“He was a game fighter. He surprised me, and again, having that extra bit of weight,” Carville said. “I found my jab, but I was disappointed because I thought I was going to be able to connect with different punches. He stayed far enough away that I was constantly lurching in and lurching in. He was just far enough outside that I didn’t want to lurch in with my right and get tagged.”

Debut or not, Carville wasted no time issuing a challenge to NEF boxing’s first main-event poster man.

Given a few seconds to discuss his win over the public address system, Carville called out Brandon “The Cannon” Berry of West Forks.

“I’ve known Brandon since he was a young, young man. I’ve been in the gym with him. I’ve sparred with him,” Carville explained. “By calling him out, I’m not saying that I don’t respect him. But if he wants to step up to that next level, he needs to fight legitimate fighters. The audience needs to call that out, because that’s what we want to see, right? He’s a big Arturo Gatti-Mickey Ward fan. Outside the ring those two were the best of friends. In the ring, they made wars.”

Berry stayed undefeated as a pro with a six-round unanimous decision over Eric Palmer of Pittsburgh, Pa.

Palmer, past winner of a Toughman competition, lived up to that reputation by taking everything the 140-pound Mainer could dish out.

“My hat is off to him. I never imagined anyone could take the kind of shots I was giving and just smile,” Berry said. “We were talking during the fight. We were literally having a conversation.”

Hundreds of Berry’s fans made the two-hour, one-way trek from Central and Eastern Maine and roared their approval throughout. They watched him walk off with NEF’s first-ever title in the weight class.

“He deserves it,” Palmer said. “He’s a tough son-of-a-gun.”

In the co-main event, Stevie Gamache of Lewiston (see related story) pounded away at the body and outpointed Ohio’s Damon Antoine in a four-round junior middleweight skirmish. Gamache is the son of Joey Gamache, who is training fighters in Europe and was not in attendance.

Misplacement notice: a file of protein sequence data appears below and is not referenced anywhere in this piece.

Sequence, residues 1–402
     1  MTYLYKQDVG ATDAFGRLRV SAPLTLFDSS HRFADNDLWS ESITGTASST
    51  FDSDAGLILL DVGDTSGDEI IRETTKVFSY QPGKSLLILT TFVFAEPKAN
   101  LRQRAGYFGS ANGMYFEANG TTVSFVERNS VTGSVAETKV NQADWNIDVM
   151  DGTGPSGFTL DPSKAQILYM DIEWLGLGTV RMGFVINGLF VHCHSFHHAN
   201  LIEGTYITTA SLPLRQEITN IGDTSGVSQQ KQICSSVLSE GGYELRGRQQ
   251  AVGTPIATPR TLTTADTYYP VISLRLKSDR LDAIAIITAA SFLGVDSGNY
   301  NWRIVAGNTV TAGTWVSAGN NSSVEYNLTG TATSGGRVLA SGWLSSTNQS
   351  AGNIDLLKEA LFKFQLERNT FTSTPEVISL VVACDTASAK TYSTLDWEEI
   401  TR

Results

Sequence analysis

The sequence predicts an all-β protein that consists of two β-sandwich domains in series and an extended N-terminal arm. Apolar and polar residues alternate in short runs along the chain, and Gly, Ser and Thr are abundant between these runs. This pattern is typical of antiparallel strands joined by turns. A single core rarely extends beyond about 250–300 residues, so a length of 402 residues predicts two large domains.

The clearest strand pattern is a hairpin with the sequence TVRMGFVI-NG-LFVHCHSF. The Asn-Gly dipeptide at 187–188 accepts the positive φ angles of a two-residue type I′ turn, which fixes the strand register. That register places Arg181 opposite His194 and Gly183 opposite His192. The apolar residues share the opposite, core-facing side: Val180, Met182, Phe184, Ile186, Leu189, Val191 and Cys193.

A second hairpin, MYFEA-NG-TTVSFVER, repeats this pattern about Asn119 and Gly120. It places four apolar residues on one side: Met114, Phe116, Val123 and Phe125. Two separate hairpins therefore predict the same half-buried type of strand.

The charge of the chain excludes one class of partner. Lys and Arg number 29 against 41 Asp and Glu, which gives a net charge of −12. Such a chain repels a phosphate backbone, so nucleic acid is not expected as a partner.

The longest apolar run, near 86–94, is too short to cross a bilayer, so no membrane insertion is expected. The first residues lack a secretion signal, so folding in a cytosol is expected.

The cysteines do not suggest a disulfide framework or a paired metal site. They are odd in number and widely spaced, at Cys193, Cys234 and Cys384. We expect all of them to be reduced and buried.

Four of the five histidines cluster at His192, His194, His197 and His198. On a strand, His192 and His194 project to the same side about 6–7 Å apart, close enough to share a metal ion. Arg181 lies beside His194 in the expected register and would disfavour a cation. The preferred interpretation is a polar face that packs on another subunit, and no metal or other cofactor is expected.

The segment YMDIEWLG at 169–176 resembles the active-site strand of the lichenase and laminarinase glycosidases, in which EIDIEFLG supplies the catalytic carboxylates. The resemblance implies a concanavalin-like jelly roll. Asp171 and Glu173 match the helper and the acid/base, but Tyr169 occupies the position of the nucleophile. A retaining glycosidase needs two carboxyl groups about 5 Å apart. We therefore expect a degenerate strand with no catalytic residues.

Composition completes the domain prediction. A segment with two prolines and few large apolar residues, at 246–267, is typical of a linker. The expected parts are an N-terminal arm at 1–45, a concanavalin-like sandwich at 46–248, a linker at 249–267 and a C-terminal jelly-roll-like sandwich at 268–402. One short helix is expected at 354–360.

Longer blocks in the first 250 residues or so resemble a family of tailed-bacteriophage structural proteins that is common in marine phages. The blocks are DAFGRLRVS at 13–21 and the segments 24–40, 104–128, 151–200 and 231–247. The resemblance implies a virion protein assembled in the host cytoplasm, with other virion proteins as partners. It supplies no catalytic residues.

Three other undercard bouts went the distance, highlighted by 46-year-old John Webster’s game performance in a four-round light heavyweight loss to Tollison Lewis.

Webster, of Portland, fought the last time Lewiston hosted a pro card in 2004, and he slugged it out on multiple Gamache bills in the 1990s.

Windham’s Lewis knocked down Webster twice, the second time out of the ring and onto a ringside table. Webster soldiered on. Two judges credited him with winning an early round. The final scorecards read 39-36, 39-35 and 40-35.

Bruce Boyington decisioned Nate Charles with ease. The crowd lustily booed the other decision, a majority draw between Joel Bishop and Jarod Lawton.

All four were making their pro debut. Some simply were staying sharp for their next cage fight. Boxing remains Carville’s true love in combat sports.

It’s well down the list in the real world, however.

“I’m only going to do this for a while. I’ve got a family. I’ve got a full-time job. I’ve got two or three years and then I’m going to get out of it,” Carville said. “I’ve got three little boys, and I don’t want them in this ring. I want them to be farmers and dentists.”